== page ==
Incumbent faces 4 Republican challengers for Congress seat District 2

Incumbent faces 4 Republican challengers for Congress seat District 2

MONTGOMERY, AL (WSFA) - Alabama Congresswoman Martha Roby is facing four challengers in Tuesday's Republican primary, including one candidate who has held the 2nd district congressional seat before.

"Congress has gotten worse since I was there," says Bobby Bright, who served in Congress from 2009-2011.

Bright was previously a Democrat. Now he is a Trump-supporting Republican but Bright says he's still the man he's always been.

"I'm still dedicated to the people of District 2," he says. "I love Alabama."

If elected, Bright says he would fund President Trump's border wall. His main priority will be Alabama's farming and military communities. He says he plans to return to the seats he previously held on the House Agriculture Committee and the House Armed Services committee seats the incumbent currently does not hold.

"If we don't get somebody back at the table, it will negatively affect our military bases and our veterans, and our farming industry," he says.

It is true that Martha Roby does not serve on those committees, she does serve in other roles. Among her committee assignments is the powerful House Appropriations Committee, which means she helps control how federal money is spent.

"As an appropriator, what's even more important is to have a seat at the table, which I do, to fund these important agricultural programs from year to year," she said.

Roby also points to her work bringing a new F-35 fighting jet squadron to Montgomery. She says she is also proud of her work to help reform the V-A healthcare system.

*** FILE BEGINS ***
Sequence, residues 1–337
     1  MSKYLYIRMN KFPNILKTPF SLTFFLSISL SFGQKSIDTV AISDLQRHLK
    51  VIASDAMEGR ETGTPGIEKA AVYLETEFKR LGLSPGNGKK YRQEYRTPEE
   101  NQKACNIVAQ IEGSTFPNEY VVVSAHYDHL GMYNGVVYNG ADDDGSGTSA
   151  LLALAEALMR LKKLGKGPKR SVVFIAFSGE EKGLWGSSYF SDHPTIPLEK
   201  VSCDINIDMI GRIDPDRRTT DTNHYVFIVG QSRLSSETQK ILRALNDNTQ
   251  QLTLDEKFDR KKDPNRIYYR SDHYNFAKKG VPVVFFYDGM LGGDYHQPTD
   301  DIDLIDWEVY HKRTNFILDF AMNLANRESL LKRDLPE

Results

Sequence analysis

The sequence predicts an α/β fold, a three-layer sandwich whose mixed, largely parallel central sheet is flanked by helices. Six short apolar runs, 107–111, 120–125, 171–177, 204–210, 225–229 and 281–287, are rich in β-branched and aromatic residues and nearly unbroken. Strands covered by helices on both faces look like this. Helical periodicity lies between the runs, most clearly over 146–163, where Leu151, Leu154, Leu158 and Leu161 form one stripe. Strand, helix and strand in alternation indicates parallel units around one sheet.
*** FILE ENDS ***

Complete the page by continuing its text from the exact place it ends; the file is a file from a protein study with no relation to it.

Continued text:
"We passed another VA bill this week that funds the choice program," she said.

You might call Tommy Amason the 'everyman' candidate. He is a dad, a husband, an Army veteran and a paper mill employee.

"I am the only candidate in this race that's never been involved in politics before," he says.

Amason believes that it's people like him who Congress has forgotten and that's why he decided to run.

"What I want to focus on is restoring the people's voice in Washington, DC, whether it's education, veteran affairs, health care, whatever the issue is."

If you gave Rich Hobson a label, he is the 'morality candidate.' Hobson worked as director of the court system with Roy Moore, the former chief justice who was removed from office twice for violating judicial ethics.

"First of all, the acknowledgement of God, the 10 Commandments battle. And secondly, traditional marriage. Marriage between one man and one woman," Hobson recalls. "I stood with him both times and consequently I paid the price. I lost my job both times."

Hobson says it's that kind of resolve he'll bring to Congress. His priorities include economic development, lower taxes, and a stronger military.

"I want to make sure we preserve a safe, prosperous and moral America for our children and grandchildren," he says.

Candidate Barry Moore is a small businessman who has also served in the Alabama legislature. He served as a state representative for eight years representing Coffee County. He is a strong advocate for less government.

"I believe the private sector does a better job of creating jobs and stimulating the economy."

Moore says he got into the race when incumbent Martha Roby distanced herself from the presidential candidate of his choice - Donald Trump. At the time, Trump had just been heard bragging about grabbing women's genitals whenever he wants.

Moore says he was the first elected official in the country to endorse Donald Trump. And he says he helped Trump win the Alabama vote.

"I was a Trump delegate. His first supporter nationally," Moore said. "I think that brings our district to the table because he knows he can trust me."

All the Republican candidates say they support President Trump's agenda. And most agree that members of Congress should focus less on politics and more on cooperation for the good of the country.

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